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Infrared film is an interesting beast, and Macophot IR820C
is no exception. This article explores the process of speed rating it for development
in PMK Pyro, determining a suitable developing time for it, making note of its
handling and staining characteristics, creating a few "characteristic curves"
for it, and finally using it with a live model. The ultimate goal is
to determine if it is a suitable film for shooting the nude, since it's long
been a desire of mine to do a series of nude studies (tentatively titled "Body
Heat") using infrared film. The effect I'm after (having seen some of
Teresa Airey's excellent infrared nudes and having had an opportunity to discuss
her work with her) is that of a glowing, radiant form. Indeed, there are also
probably two dozen excellent B&W nudes in Jock Sturges' book Radiant
Identities that also capture the spirit of what I'm looking to shoot.
My selection of Pyro as a developing
agent for such a series reflects a number of strong personal biases and interests.
First, I use PMK Pyro as my primary portrait developer, and I particularly like
the subtle tonal effects possible with PMK in zones IV-VIII – where it tends not
to get as much press as in the "extreme" tonal zones of I-II and X-XVIII.
I'm also a big fan of the inherent acutance and edge effects of the PMK formula.
I also am aware of pyro's remarkable high tone separation, and although I don't
realistically anticipate going over the top of Zone X in shooting the nude, I'd
like to know that my VII's, VIII's, and IX's are solid – particularly when I know
that there's a good chance that my skin tones, by virtue of being recorded on
infrared, are likely going to drift out the top of Zone VI. Finally, to my knowledge,
nobody's done it before – so I get the thrill that comes with novelty.
The first step in the project was choosing a film. And at the risk of admitting that my selection was pretty much done at random, it was.
Ilford and Konica both make IR films; but neither was in stock in both 35mm
cassettes and 120 rolls at my local distributor. And although my out-of-town
distributor was ready to mail me any of the above (and in any size) instead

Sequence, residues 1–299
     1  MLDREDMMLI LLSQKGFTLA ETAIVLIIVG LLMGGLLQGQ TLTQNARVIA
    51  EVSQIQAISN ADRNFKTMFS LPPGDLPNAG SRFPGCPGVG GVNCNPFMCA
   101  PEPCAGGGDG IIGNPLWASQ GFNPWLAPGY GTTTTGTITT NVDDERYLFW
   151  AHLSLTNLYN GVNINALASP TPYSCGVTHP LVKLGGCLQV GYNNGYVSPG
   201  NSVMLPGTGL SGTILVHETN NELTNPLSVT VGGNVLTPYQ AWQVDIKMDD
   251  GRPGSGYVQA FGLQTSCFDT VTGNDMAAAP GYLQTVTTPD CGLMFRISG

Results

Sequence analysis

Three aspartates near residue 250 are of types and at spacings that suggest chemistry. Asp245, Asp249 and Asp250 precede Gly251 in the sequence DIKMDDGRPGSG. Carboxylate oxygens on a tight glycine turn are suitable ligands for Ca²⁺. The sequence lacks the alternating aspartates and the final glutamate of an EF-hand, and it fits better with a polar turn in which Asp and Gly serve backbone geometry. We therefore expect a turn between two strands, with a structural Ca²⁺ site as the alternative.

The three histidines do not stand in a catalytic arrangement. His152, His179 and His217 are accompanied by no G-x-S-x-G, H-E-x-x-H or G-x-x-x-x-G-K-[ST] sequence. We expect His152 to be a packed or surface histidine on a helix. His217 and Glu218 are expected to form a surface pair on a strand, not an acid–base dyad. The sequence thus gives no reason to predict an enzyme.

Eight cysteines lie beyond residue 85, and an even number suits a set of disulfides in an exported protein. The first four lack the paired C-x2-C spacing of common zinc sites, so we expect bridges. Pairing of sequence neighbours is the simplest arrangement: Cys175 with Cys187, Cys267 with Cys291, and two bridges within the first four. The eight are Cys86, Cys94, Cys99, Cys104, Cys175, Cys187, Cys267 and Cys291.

of Macophot, I elected to go with it for the simple reason that I'd never even
heard of it. I figured I'd learn more by fiddling with film from a manufacturer
about whom I knew nothing.
My first observation about it
was that it was manufactured in Germany – and my instincts told me that the part
of Germany in which it was made is the half that used to be East Germany. It
had all the physical feel of a thick emulsion, high gelatin content film that
countries west of the iron curtain stopped making in about 1955. This is not
necessarily a bad thing, since a great deal of what makes the pyro process special
is the stain; and stains are more pronounced on heavy, gelatin-rich films. For
example, although Ilford's "Delta" films are pretty decent films in
a lot of respects (and I do shoot them fairly regularly – which is saying a lot,
since I almost never shoot their Kodak "T-Max" equivalents), their emulsions
are so thin and their gelatin contents so low that coaxing a stain out of them
is an uphill battle all the way. So for all its heaviness – or perhaps because
of it – Macophot showed considerable promise the minute it came out of the box.
Things turned a little uglier
from there, since the first rolls I tried ended up in one of my Nikon F3's, and
the 35mm cassettes themselves bound up pretty badly. It felt as if the entire
cartridge were filled with sand, and the film advanced with an unpleasant grating
sound. It also took quite a bit of work to pull the stuff, and I suspect that
a whole lot of more modern (and consumer grade) cameras wouldn't have motors strong
enough to advance the stuff. It was that badly wound. This made me even more
suspicious that it was the product of an old communist factory in the east half
of Germany. Quality control was not looking terribly high from the start.
Step one of actually rating the
film was to determine its speed. The outside of the box said "ISO 100."
And no, I didn't believe it. Most films I've speed rated have shown true speeds
much below what the manufacturers will claim – even for "generic" developers
like D-76. And ISO 100 films run in pyro, in my experience, tend to exhibit true
speeds ranging from ISO 50 to ISO 80. I have yet to come across one that I actually
rated at the advertised ISO 100.
So I shot about half a dozen
frames of a test subject (two dolls with a MacBeth chart in the background) under
daylight conditions to see about where exposure was going to fall. Between "real"
frames, I shot a blank frame in order to have a reference of filmbase + fog that'd
be readily comparable to the genuine image. Here I was most interested in the
black cloth, the darkest black square on the MacBeth chart, and brunette doll's
hair. The matter of greatest interest to me was at what point Zones II and III
– the deepest greys and blacks – began to register above FB+F. I bracketed exposure
up and down two stops to see what the likely candidate speeds might be. I really
didn't expect the film to turn out to be faster than ISO 100, but it never
hurts to cover your bases.
A quick inspection of the negatives
told me that, indeed the film was slower than ISO 100, although probably by less